MELBOURNE, Australia — Australian F-35 fifth-generation stealth fighters are taking part in an exercise in Indonesia, on the last leg of a deployment that has seen the jets visit the Philippines, Japan and Indonesia for the first time.
The six Lockheed-Martin F-35A Lightning II Joint Strike Fighters from 75 Squadron of the Royal Australian Air Force, or RAAF, are currently taking part in Exercise Elang Ausindo with Indonesian Air Force Lockheed-Martin F-16 fighter jets at Manado on Indonesia’s North Sulawesi Island from Sept. 18 to Sept. 28.
The exercise will see Australian and Indonesian personnel and aircraft conduct air combat missions including offensive and defensive counter air missions; basic fighter maneuvers and air combat maneuvers and air-to-air refueling with an RAAF KC-30A multi-role tanker transport.
Squadron Leader Paul Anderton, an instructor-pilot with 75 Sqn, told Defense News that the exercise took a building-block approach to training, starting with one-versus-one air combat engagements before moving on to two-versus-one or two-versus-two training.
The engagements will then become more complex, with larger formations such as four-versus-four training dogfights.
However, Anderton said that the exercise was not just Australian jets going head-to-head with their Indonesian counterparts, but its aim also includes interoperability training with the Indonesian F-16s, flying in mixed formations and air-to-air refueling.
“There’s a heavy focus on the bilateral side of the aviator level engagement and that is us integrating with the Indonesian F-16s and providing joint training to each other,” he said.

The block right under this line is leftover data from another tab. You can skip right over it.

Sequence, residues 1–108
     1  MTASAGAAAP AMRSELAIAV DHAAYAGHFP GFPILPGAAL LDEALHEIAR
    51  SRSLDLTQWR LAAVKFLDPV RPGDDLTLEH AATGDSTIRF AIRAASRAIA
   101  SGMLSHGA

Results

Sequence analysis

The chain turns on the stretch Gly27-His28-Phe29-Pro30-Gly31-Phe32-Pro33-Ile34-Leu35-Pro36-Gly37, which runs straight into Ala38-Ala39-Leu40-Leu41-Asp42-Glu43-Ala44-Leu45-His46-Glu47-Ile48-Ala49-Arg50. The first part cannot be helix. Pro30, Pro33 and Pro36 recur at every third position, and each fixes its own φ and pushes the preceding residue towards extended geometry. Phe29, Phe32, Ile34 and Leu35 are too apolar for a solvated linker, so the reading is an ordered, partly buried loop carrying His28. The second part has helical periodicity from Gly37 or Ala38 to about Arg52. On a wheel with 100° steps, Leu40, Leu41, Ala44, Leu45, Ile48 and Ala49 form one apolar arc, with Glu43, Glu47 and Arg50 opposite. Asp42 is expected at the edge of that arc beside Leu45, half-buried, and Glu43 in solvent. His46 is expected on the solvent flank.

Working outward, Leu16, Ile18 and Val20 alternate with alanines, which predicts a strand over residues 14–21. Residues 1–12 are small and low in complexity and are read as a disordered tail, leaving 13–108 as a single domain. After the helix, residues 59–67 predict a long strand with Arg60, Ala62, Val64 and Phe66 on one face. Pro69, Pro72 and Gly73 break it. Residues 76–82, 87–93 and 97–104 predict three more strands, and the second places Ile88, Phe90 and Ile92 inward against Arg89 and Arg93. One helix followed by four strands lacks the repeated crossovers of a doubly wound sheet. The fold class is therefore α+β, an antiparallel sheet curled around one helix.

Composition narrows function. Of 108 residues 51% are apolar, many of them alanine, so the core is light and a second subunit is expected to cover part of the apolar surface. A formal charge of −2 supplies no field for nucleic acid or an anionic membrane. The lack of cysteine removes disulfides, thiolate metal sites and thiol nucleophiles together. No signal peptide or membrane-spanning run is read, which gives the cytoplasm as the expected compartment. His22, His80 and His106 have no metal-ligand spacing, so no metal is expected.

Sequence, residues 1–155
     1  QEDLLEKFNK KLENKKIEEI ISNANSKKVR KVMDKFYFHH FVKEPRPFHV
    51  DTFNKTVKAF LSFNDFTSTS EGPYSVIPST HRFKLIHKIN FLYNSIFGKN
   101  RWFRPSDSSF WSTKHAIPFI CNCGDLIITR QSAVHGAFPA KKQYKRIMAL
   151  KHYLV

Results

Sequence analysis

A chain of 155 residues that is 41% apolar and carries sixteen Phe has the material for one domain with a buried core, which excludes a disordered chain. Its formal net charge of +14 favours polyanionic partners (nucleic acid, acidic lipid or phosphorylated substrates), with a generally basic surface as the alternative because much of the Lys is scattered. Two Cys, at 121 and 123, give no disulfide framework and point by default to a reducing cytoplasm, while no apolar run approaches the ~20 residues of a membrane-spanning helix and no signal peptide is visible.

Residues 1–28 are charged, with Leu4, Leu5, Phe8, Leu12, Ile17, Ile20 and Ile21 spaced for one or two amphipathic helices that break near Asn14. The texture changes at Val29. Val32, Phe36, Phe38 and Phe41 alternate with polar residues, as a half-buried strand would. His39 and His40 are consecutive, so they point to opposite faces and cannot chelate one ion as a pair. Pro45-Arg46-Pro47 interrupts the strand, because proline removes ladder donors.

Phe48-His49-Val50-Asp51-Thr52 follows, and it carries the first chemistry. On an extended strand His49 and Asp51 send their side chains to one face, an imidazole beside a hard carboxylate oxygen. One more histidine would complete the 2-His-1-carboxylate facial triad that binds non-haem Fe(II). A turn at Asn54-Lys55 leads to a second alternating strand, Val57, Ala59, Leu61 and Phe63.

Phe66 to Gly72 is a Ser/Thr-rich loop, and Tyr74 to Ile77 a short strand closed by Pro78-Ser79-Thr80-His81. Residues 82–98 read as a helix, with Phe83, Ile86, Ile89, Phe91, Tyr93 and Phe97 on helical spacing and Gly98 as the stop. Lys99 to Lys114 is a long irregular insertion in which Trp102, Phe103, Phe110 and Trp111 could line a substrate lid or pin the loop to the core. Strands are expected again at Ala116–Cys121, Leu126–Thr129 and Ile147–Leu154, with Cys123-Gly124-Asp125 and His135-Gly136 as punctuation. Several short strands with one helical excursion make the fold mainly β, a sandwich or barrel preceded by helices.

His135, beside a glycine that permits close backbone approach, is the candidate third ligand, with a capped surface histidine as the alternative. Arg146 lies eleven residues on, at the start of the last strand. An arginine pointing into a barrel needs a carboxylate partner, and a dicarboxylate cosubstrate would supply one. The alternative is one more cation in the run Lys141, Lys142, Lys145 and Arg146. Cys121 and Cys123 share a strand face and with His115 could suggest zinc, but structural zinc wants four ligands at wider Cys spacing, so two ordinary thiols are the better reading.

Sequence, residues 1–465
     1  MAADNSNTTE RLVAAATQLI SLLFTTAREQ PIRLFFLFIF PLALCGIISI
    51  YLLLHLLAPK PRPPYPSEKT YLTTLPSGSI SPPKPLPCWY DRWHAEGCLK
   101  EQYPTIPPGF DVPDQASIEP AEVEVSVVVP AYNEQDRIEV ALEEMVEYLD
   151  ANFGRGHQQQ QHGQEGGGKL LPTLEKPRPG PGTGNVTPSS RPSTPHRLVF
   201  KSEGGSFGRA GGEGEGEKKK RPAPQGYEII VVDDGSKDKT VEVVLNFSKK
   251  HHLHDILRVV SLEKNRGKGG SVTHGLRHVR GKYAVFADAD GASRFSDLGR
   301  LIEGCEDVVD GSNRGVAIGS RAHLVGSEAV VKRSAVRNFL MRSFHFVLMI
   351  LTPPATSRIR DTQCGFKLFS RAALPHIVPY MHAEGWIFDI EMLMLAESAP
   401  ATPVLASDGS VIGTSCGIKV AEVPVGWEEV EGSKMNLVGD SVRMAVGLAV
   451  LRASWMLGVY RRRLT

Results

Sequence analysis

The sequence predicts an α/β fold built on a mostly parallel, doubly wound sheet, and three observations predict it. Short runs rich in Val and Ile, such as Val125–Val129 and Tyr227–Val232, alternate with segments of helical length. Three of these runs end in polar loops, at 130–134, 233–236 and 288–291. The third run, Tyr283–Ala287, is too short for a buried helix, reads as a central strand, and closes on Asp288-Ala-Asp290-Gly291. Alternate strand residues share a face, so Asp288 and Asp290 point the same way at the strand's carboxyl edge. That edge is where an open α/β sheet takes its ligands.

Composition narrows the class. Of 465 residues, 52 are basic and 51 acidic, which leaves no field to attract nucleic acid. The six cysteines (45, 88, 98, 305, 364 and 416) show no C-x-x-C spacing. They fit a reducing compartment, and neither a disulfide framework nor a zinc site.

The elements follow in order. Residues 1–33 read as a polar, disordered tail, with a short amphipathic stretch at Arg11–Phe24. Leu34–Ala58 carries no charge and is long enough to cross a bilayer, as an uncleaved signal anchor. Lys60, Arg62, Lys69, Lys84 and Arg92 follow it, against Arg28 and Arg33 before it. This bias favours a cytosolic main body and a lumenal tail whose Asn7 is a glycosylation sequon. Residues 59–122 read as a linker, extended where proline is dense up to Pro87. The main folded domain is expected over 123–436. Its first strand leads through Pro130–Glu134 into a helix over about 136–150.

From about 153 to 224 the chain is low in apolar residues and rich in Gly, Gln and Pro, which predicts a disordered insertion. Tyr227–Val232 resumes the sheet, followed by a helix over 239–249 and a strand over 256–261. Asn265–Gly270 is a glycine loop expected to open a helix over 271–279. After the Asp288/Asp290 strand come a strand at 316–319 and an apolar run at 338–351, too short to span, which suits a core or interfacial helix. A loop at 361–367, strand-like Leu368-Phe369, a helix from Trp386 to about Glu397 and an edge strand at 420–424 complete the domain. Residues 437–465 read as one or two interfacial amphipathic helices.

The Australian F-35s had come to Indonesia from Komatsu, Japan, where they participated in Exercise Bushido Guardian with the Japan Air Self-Defense Force, or JASDF, Sept. 4-15.
According to Wing Commander Tony Parker, the commanding officer of 75 Sqn, Bushido Guardian was conducted roughly along the same lines as Elang Ausindo with the Indonesians. However, he noted that there were several key differences, with a key one being that the JASDF was also an F-35As operator.
The drill in Japan involved both services using the F-35-specific Multifunction Advanced Data Link, or MADL, to share information. “This was a first for us, for both nations, and was a was a really successful activity,” said Parker. “We were able to operate on data links across both platforms to achieve mutual effects within their operating airspace.”
The JASDF also participated at Bushido Guardian with its Mitsubishi F-2 multirole fighters and F-16 interceptors, and the larger number of aircraft enabled the participants to organize the missions into larger aircraft packages, deepening interoperability between the RAAF and the JASDF.
Komatsu is also the home of the JASDF’s Tactical Fighter Training Group, which flies F-15s in the dedicated role of adversary aircraft. These played the role of enemy forces Air during Bushido Guardian, with other JASDF or RAAF participants taking turns fighting alongside them as adversary aircraft.
“It was pretty common practice to have Australian F-35s on both Blue and Red Air,” Parker said referring to friendly and enemy formations. “It was the same for Japanese F-35s and their F-15s. The aggressors were playing their aggressor role, and being particularly well trained to being aggressors, they often did fill that function,” Parker added.
Parker also spoke about the reliability of his jets throughout the deployment, noting that there was only one instance of a jet not being able to fulfill a mission due to maintenance problems.
“The deployment was very successful from a maintenance perspective and very reliable as a platform. We will be walking away having operated this highly technical platform on the road in Asia with limited support for five weeks, and that has given us a great sense of confidence in our ability to do that.”
Mike Yeo is the Asia correspondent for Defense News.